Nintendo fans are used to a level of quality. A seal of approval, if you will. In the past, “Nintendo” has meant durable hardware and well-made video games. Nintendo means “polished” and “good presentation”. Nobody, it seems, has told this to Amiibos.
Forget the differences between what we were promised and what we got. Just the way some Amiibos end up on store shelves is, well, rather tragic. Even when Kotaku first checked out the first-run production model Amiibos, it was clear that Kirby could not be held down by any package. But that doesn’t appear to be the exception.
Reader Carlos, for example, sent along this batch of photos he took at Target and Toys R Us of Amiibos that were either broken or packaging disasters.
Elsewhere on Twitter, there are also more examples of sloppily packaged Amiibos. Kirby, Peach and Pikachu appear to be the most consistently mucked up.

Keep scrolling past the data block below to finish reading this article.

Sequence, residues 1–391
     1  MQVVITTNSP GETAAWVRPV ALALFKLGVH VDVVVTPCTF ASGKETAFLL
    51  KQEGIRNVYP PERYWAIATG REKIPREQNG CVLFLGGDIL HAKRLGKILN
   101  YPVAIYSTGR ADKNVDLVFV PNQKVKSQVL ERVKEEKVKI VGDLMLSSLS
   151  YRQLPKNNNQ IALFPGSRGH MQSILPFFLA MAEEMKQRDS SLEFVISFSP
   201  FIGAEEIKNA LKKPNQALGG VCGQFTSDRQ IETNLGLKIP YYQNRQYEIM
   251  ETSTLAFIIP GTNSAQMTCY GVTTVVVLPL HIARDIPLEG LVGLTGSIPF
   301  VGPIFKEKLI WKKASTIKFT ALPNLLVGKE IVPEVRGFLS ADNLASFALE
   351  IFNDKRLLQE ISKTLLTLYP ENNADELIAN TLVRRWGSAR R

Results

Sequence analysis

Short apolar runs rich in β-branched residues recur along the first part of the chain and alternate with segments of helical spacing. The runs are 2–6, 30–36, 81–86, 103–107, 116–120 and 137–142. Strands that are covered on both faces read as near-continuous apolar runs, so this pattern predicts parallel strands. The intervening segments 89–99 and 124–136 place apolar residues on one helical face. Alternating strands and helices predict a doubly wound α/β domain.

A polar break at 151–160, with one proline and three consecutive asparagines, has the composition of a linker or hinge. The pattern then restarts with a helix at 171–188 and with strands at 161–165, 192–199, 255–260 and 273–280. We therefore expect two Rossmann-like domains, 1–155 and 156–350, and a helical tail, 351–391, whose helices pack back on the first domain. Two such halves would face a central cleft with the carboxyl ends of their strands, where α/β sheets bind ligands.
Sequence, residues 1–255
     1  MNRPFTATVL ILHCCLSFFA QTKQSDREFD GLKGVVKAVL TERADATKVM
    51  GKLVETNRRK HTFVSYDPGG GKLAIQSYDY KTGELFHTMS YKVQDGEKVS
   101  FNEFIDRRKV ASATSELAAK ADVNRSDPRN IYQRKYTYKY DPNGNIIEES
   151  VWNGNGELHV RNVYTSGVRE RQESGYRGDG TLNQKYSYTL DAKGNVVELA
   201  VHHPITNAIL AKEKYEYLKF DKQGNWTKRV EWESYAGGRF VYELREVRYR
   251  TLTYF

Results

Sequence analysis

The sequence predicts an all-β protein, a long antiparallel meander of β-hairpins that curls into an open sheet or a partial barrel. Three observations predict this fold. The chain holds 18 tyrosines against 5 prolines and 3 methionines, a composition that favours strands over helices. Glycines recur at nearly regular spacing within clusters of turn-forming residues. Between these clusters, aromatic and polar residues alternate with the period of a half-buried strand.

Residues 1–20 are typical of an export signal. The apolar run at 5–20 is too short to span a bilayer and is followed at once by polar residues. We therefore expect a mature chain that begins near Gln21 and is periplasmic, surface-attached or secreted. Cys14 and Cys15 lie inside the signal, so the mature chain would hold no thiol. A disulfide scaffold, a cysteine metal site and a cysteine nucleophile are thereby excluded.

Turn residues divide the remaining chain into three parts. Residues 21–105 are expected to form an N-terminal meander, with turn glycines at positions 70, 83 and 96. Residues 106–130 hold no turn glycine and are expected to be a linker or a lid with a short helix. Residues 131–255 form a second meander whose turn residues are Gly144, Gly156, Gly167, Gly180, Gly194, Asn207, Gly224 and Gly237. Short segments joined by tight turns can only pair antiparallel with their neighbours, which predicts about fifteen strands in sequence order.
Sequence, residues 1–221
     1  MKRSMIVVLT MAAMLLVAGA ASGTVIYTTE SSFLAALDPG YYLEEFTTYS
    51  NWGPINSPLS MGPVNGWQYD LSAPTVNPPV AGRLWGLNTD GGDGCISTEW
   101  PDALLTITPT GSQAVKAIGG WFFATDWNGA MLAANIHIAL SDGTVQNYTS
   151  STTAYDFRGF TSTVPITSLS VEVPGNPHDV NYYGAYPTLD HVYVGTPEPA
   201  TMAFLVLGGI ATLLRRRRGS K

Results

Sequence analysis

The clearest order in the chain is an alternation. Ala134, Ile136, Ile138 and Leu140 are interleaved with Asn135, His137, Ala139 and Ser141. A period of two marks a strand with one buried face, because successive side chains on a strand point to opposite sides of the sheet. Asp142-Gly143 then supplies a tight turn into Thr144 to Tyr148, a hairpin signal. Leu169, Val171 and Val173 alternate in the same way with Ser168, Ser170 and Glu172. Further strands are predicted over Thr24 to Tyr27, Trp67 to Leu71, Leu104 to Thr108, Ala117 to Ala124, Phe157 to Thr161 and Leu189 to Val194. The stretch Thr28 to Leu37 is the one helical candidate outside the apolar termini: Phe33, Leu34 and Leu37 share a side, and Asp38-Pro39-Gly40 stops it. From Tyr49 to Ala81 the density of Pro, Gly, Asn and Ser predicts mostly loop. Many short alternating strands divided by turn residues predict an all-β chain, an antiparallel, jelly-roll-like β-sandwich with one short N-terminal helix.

— Caleb (@DcalebX) December 1, 2014
— vrutalgames (@vrutalgames) December 1, 2014
At best buy today, grabbed a Yoshi amiibo, and was not prepared for what was to come after… pic.twitter.com/C5JtTXXzKZ
— Alex (@zGuillotinez) November 30, 2014
— UltraLaser Ten (@UltraLaserTen) December 8, 2014
— Lucas M. Thomas (@lucasmthomas) November 21, 2014
— eBay Tweet History 2 (@ebaytwhistory2) December 2, 2014
— Doc Nes (@NESDoctor) December 8, 2014
Broken Mario Amiibo and out of place Peach Amiibo would make tons of money on EBay! pic.twitter.com/tqPds9R5n0
— Joseph Guzman (@BattleJoe97) December 10, 2014
"amiibo" starter pack pic.twitter.com/7tembhY5ZN
— RYUKΘ (@SraPokemon) November 25, 2014
Not even Nintendo World is safe from poorly packaged Amiibo… pic.twitter.com/89AqiAjflh
— JC JC (@JC_GameMaster) December 1, 2014
Sure, with products like this, there are bound to be errors. But since Nintendo is traditionally a company with such a high mark of quality, these mistakes seem even worse. What’s more, for a company that always takes so much pride in its work, there doesn’t appear to be much pride in how these figures end up on store shelves. Could this be why obvious manufacturer errors are making it into retail spaces? And thus, in pricey internet auctions?